I think there is lot of confusion on the international recognition given to Malala. The Taliban and their allies are visibly irritated because Malala’s message was carried around the world effectively. They have changed their position against women’s education and said that Malala was attacked because of her opposition to their ‘just jihad’ waged to bring sharia in the country and not because she wanted to study. However, they have rejected all modern education as an imperialist forces conspiracy to spread democracy and secular thinking. They are still stuck with the British Raj’s conspiracies and reject modern education. The trouble is that Muslim societies reject rationalism and believe in blind faith strongly. It is something confusing for vacillating Muslims who are living in the modern global village.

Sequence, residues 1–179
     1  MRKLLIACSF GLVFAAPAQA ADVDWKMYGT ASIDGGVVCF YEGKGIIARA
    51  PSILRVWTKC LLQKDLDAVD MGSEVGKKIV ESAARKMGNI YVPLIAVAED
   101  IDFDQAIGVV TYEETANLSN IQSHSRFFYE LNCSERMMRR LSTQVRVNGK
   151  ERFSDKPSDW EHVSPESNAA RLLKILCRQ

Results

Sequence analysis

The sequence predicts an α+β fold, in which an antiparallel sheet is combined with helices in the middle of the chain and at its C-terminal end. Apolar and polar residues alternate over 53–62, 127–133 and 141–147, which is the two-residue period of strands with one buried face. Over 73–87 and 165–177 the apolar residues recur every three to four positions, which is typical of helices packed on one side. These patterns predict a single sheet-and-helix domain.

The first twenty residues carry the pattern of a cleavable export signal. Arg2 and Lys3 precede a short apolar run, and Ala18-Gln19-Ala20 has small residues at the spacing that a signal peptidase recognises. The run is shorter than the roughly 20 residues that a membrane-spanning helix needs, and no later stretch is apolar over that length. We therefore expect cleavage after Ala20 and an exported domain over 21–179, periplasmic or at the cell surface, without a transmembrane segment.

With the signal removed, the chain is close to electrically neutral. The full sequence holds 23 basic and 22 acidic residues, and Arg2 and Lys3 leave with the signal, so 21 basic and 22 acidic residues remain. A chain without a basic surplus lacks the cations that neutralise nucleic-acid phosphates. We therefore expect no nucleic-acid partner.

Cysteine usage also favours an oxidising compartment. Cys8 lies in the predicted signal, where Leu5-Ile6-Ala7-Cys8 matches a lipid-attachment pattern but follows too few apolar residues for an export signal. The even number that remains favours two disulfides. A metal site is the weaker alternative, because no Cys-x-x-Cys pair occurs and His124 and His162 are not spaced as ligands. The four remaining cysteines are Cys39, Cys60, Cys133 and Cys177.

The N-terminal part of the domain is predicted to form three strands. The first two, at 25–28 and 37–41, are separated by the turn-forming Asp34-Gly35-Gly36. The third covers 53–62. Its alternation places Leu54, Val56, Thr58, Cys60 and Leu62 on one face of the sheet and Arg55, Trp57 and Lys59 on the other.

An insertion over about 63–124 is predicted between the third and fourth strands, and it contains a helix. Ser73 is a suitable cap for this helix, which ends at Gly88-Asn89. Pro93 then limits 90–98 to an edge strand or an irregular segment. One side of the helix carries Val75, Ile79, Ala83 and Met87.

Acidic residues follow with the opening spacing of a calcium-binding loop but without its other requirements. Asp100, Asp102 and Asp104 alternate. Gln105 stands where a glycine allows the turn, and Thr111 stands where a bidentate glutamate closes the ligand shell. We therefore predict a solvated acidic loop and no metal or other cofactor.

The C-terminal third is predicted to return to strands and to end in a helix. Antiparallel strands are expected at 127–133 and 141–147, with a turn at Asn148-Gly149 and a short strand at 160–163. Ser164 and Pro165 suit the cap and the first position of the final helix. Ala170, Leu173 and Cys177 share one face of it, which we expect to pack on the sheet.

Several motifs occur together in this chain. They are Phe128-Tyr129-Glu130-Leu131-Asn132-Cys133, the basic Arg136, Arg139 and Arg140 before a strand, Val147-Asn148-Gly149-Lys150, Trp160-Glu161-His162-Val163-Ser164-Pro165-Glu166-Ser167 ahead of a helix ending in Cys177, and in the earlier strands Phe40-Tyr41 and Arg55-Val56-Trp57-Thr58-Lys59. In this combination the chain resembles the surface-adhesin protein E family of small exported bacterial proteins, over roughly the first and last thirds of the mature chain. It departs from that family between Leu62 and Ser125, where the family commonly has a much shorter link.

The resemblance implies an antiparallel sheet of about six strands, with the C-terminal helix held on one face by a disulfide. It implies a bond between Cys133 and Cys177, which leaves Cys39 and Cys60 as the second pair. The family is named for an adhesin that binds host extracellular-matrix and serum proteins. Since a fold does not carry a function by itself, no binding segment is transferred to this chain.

On the other hand there are some confused liberals/left extremists who are criticising Malala for playing in the hands of the west, whom they detest. True the US, UK, and other forces invaded Iraq under the flimsy cover of looking for WMDs. We all condemn that. But we should not dismiss some of the gains and losses made by the people as a result of the American invasion. The gain is that Iraq has now an elected government instead of a ruthless dictator; the Iraqi Kurds have more autonomy, which was denied to them by Saddam Hussein, and the Iraqi Shia population has now their due share in government after suffering massacres during Hussein’s regime. The downside is that the simmering Shia-Sunni conflict has now flared up, incited by the US, Saudi Arabia and Iran. It has now engulfed almost all Arab countries and Pakistan. Again hundreds of people have died in these sectarian killings.